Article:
My husband and I have been entrusted with the care and guidance of three beautiful, divine feminine souls. When our first daughter was born, we were only twenty-five and clueless about taking care of ourselves, much less a newborn. Yet, we soon found ourselves with a four-year-old with a one-and-a-half-year-old sister in tow.
While learning to be a mother, I was also getting into my career as a high school English teacher in Richland School District Two. This was in the early 2000s and the schools were filled with young men and women who belonged to or had gang affiliations.
All the gang activity and safety training happening in and around our community and schools struck a chord in my soul. I kept thinking, “Something is causing these young people to fall prey to these organizations; figure that out, and problem solved.”
That train of thought led me to fall back on my minor, African and African Americans studies, at U of SC. I spent hours reading articles, books, and watching documentaries trying to make the connection between black and brown children growing up without cultural roots, and the explosion of gang activity in those communities.
What I found in my research and through conversations with my students over a four-year period, was the lack of a real hierarchy left them feeling confused, alone, and afraid. These young people were looking for a more structured system to let them know when they were moving from one stage to the next in their maturation into adulthood.
Obviously, I’m simplifying my findings for brevity’s sake but the fact remains, American society doesn’t have a structured system of rites of passage to guide its young people fully into adulthood. Those of us belonging to BIPOC communities have an innate need to experience those rites as part of growing up. Without them, there is a profound sense of confusion, fear, and loneliness.
Armed with this knowledge, I set out to create a structured system designed to help my daughters move from one stage to the next as they grew into adulthood.
After studying various African rites of passage while considering what I hoped to accomplish, I decided the first rite would occur at the age of four. The second at the age of ten. The third at the age of fourteen. The fourth, at the age of sixteen. And the final rite of passage happens at the age of twenty-one.
So far, my husband and I have had the pleasure of taking all of our daughters through the first three rites of passage, and our two older girls have completed their fourth.
I’m going to be transparent, it has not been easy!
We are not what one could consider well-off. My husband is an Assistant Principal at a District 1 elementary school, and I’m an indie southern gothic erotic romance writer on disability. Before being diagnosed with Lupus, I taught high school English. So, we’ve never been rolling in the money, and yet we’re still are to provide these rites to our girls. It’s all about priorities.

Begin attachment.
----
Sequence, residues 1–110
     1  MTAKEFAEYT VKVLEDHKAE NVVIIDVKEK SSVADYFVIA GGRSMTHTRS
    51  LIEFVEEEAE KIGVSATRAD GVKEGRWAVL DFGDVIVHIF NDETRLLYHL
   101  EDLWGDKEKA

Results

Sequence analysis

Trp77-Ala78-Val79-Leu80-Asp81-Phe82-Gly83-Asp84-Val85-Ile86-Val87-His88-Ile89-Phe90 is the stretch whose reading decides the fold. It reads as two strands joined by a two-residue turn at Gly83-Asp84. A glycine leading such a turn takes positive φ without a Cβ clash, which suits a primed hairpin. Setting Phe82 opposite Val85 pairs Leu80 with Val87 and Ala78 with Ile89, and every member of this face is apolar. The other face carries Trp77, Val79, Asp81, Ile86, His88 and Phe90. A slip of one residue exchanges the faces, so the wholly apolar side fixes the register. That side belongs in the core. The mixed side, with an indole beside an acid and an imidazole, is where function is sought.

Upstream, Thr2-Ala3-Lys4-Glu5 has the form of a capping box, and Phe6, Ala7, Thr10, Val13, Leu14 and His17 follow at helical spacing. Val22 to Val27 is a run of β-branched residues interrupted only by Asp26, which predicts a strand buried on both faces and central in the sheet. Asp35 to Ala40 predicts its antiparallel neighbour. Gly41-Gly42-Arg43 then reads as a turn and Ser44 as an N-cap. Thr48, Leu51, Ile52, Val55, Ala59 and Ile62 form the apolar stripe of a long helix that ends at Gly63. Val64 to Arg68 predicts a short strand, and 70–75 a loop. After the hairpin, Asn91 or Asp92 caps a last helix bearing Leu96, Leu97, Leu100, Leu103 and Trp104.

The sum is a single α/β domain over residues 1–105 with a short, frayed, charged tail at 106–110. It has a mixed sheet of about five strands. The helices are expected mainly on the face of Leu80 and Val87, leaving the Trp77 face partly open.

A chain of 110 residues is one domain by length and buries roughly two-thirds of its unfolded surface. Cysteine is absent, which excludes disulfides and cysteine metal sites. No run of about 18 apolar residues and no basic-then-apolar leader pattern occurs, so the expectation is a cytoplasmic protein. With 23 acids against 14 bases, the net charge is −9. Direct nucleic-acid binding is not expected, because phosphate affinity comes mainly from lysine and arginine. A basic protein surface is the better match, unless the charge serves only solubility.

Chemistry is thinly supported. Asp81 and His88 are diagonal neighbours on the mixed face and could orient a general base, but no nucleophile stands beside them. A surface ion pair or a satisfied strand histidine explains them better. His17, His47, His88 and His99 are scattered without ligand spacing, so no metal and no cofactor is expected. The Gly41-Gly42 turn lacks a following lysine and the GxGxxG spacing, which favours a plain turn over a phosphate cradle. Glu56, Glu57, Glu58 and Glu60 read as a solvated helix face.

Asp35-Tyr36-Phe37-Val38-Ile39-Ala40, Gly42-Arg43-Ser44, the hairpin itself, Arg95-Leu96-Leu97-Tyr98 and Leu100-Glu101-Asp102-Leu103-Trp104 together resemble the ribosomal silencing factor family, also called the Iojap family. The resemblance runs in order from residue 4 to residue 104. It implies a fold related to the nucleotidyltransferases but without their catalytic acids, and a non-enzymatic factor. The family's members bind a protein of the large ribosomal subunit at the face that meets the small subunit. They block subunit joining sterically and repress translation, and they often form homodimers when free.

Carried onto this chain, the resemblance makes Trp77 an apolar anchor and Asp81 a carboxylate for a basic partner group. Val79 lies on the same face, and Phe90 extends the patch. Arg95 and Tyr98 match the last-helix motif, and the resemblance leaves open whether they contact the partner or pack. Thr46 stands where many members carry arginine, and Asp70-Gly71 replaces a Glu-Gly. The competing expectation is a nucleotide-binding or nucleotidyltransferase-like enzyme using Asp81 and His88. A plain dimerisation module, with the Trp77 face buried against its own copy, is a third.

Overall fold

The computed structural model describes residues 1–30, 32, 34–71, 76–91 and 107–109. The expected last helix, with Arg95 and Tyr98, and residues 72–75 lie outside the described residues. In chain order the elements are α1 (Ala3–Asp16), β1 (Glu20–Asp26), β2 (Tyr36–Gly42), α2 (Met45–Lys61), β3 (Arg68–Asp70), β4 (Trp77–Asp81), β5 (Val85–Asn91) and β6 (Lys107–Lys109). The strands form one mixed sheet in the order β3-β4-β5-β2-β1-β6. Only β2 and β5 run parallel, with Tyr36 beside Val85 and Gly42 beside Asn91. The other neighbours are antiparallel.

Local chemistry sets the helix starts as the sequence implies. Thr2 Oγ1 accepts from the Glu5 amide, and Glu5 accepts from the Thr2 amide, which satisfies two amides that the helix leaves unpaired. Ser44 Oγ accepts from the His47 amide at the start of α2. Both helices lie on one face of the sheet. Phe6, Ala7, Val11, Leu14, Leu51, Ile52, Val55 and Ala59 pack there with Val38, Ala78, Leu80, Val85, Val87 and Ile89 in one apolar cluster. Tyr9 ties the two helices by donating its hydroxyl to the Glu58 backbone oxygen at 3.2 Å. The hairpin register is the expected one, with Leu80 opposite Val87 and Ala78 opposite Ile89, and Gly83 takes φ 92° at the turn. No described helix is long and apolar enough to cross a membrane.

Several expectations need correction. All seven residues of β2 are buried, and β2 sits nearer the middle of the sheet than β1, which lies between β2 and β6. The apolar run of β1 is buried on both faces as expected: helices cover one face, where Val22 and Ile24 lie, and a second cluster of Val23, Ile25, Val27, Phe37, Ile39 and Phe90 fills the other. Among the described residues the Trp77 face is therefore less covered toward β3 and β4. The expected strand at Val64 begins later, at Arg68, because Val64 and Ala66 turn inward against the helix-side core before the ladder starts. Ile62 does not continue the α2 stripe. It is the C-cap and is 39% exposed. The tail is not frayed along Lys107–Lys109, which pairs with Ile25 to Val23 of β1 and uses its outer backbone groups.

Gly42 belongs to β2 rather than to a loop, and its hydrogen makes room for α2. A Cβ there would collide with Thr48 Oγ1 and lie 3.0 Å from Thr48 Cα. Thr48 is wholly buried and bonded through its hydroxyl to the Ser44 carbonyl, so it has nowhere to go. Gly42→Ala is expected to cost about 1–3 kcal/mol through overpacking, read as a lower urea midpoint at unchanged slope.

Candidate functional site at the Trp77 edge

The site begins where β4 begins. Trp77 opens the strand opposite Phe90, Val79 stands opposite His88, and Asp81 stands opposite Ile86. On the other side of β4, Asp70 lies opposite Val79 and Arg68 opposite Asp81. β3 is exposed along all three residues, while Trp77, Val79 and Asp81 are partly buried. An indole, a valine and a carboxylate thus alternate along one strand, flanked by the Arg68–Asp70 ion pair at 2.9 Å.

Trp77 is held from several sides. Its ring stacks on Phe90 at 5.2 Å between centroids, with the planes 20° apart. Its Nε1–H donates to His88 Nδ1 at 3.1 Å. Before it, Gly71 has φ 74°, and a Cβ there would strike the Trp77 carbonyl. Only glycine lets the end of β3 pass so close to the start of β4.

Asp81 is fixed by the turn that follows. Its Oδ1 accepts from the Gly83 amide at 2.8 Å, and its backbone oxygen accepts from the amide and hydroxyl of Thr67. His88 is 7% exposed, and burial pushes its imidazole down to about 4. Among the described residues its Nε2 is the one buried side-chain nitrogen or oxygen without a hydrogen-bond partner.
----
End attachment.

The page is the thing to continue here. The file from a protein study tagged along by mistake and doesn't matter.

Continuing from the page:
My middle girl and I planned our trip to Las Vegas, NV for last November — Yes, in the year that shall not be named. Needless to say, we weren’t able to make the trip until last month. This was my girl’s first time on a plane! First time leaving the east coast. First time crossing time zones.
I used Groupon to find a deal on a great hotel and resort, Priceline to find deals on our flights, and all activities and meals were found on Groupon once we landed. We spent time walking the strip, eating yummy foods, interacting with other people visiting “Sin City,” and getting to know each other in this new space. That’s why this rite is my favorite one. Yes, it’s fun to go to new cities and stay in fancy hotels but it’s that I get to experience all of these new things with one of my favorite people in the world. It doesn’t matter which daughter or what city, the experience is always enchanting.
There’s something about a daughter seeing her mother outside of the usual setting that makes her realize the thing most mothers want their kids to finally understand…
“Just because I’m a mom doesn’t mean I stop being a woman. It doesn’t mean I gave up my fun and sexy card. Please see me as a whole human being because that’s how I’m seeing you.”
During our four-day/three-night stay at the Luxor hotel and resort, we spent a lot of time talking. We talked about everything and nothing, but mostly I spent that time listening. Not so much to what my daughter said, as much as to the silence between the words she spoke. The space between her frustrated inhalations and exhalations.